I remember being 13 and sleeping over at a friend’s house. I use the term “friend” loosely because, years later, I realised that most of these girls were never really my friends. Making her bed in the morning, my host reached down and plucked something from the pillow.
“Ugh, ugh, ugh! Gross!” she shrieked.
“OMG! What is it?” we all yelled.
“Eugh! There are pubes in my bed.”
“No, hang on, it’s just Emma’s hair.”
Cue squeals of laughter.
I wanted to die. The sensation was sharpened by the disparity between my own hair and my host’s – hair that I secretly coveted. It was dead straight, a luminously shiny black, and hung the whole way down her back; she was complimented on it all the time. Her hair framed almost cartoonishly blue eyes, a particular blue that exists in Ireland.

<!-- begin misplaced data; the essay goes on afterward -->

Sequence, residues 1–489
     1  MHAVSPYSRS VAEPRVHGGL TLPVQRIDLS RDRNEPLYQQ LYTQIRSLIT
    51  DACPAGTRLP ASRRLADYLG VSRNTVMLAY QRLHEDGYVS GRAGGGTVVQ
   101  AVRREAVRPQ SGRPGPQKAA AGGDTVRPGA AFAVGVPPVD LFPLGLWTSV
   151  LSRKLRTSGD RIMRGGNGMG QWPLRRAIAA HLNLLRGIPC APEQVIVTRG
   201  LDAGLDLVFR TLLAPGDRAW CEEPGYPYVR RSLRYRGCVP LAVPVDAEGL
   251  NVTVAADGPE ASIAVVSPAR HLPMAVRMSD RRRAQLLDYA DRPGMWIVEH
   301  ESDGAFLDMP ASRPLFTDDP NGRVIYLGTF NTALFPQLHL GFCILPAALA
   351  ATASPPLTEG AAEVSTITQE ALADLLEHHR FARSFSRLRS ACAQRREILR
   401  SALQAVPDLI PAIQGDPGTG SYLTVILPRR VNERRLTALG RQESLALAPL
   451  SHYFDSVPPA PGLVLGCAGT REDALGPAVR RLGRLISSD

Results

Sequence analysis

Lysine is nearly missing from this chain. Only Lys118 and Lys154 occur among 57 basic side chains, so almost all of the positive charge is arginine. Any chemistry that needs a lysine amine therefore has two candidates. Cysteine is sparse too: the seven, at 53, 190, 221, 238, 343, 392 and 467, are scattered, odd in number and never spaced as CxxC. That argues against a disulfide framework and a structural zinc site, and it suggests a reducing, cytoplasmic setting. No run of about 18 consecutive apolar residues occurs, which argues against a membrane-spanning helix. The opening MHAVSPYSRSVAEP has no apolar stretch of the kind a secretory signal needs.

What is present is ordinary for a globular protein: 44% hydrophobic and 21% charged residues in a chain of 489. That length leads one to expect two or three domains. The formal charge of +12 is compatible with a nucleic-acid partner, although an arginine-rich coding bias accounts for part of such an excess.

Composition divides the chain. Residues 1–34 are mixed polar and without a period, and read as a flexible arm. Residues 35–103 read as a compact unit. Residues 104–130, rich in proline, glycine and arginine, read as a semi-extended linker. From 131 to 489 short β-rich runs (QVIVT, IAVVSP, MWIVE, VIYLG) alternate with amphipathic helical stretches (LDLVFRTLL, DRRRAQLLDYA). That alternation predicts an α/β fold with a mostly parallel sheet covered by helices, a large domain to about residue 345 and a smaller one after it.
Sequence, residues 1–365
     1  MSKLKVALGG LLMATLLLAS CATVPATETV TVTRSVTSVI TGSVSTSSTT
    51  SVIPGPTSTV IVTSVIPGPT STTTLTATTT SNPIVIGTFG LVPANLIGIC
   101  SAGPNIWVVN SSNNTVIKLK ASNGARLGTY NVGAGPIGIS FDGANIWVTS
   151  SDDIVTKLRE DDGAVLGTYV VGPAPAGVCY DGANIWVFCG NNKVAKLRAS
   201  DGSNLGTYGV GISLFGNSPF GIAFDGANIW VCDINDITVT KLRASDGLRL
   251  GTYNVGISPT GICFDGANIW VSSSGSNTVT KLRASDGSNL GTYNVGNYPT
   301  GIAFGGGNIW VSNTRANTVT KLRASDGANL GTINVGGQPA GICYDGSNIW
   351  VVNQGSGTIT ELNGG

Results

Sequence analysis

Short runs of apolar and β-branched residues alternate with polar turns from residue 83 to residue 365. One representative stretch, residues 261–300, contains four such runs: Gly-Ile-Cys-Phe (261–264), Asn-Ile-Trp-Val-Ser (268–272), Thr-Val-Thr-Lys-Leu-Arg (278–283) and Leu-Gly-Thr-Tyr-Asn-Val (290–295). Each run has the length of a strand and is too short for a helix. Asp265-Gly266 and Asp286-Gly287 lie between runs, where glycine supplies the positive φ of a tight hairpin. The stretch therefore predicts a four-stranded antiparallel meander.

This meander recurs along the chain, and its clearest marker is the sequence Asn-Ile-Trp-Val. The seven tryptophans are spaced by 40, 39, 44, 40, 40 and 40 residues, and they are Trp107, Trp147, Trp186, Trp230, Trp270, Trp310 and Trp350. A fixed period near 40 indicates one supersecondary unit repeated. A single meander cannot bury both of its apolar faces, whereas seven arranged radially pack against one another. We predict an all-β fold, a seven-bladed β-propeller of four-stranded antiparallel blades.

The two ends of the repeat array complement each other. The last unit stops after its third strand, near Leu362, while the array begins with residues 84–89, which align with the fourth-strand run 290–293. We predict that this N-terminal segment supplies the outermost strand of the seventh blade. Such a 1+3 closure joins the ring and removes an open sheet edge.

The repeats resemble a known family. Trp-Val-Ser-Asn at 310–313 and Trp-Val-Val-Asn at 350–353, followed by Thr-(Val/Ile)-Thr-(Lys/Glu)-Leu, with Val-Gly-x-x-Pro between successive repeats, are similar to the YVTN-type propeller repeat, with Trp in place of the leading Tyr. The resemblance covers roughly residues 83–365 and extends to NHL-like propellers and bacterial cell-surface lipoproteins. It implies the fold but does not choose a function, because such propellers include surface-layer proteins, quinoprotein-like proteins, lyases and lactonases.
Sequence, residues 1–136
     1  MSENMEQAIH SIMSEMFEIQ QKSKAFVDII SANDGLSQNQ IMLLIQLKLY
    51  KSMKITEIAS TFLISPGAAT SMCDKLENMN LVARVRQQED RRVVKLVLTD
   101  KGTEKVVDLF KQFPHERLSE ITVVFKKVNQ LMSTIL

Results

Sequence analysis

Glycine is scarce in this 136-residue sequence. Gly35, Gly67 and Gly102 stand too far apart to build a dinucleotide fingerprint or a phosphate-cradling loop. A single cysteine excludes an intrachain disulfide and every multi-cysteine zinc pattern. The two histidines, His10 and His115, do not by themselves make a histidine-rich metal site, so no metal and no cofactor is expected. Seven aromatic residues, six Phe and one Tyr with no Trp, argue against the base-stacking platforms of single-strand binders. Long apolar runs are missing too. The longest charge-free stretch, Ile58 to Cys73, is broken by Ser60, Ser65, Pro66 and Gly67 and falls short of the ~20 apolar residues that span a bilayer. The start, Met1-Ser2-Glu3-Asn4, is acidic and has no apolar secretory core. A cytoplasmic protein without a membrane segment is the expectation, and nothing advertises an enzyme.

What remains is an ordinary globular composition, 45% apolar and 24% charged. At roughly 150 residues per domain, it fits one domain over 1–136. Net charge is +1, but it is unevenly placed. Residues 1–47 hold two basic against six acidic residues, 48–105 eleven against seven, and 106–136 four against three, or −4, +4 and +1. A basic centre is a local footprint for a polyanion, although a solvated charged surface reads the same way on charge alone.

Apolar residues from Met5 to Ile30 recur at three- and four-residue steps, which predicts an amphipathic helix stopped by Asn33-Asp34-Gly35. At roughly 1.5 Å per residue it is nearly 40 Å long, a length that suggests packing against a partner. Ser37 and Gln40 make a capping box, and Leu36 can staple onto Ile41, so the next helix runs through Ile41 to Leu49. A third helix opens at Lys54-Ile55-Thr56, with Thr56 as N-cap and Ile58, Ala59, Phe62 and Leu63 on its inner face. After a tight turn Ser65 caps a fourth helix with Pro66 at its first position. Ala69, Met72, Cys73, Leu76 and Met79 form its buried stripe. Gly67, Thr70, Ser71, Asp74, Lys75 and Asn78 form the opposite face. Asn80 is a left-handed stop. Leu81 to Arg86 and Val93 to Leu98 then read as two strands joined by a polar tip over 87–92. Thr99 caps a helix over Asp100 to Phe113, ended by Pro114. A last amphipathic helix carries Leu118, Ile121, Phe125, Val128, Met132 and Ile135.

Until the late 1990s, being black and Irish was to have almost unicorn status – except everybody loves unicorns. Many mixed-race people I met, certainly those who were older than me, had grown up in institutions. They were often the “illegitimate” offspring of Irish women and African students. Not to put too fine a point on it, unmarried mothers were generally, in Ireland, treated like scum. Add the disgrace of a black child and you couldn’t really sink much lower. While this wasn’t my experience, there was still a strong stigma associated with blackness. As a black child with tight coils, growing up in a white, homogeneous, socially conservative country, my hair was a constant source of shame. I became fixated on it, imagining that, if it just looked “normal”, I, too, might be normal. I wept myself to sleep most nights between the ages of eight and 10, desperately imploring the night-time to work its magic and transform my “picky” curls into the headful of limp, straight hair I rightly deserved . . .
For the full story by Emma Dabiri follow the link below to theguardian.com.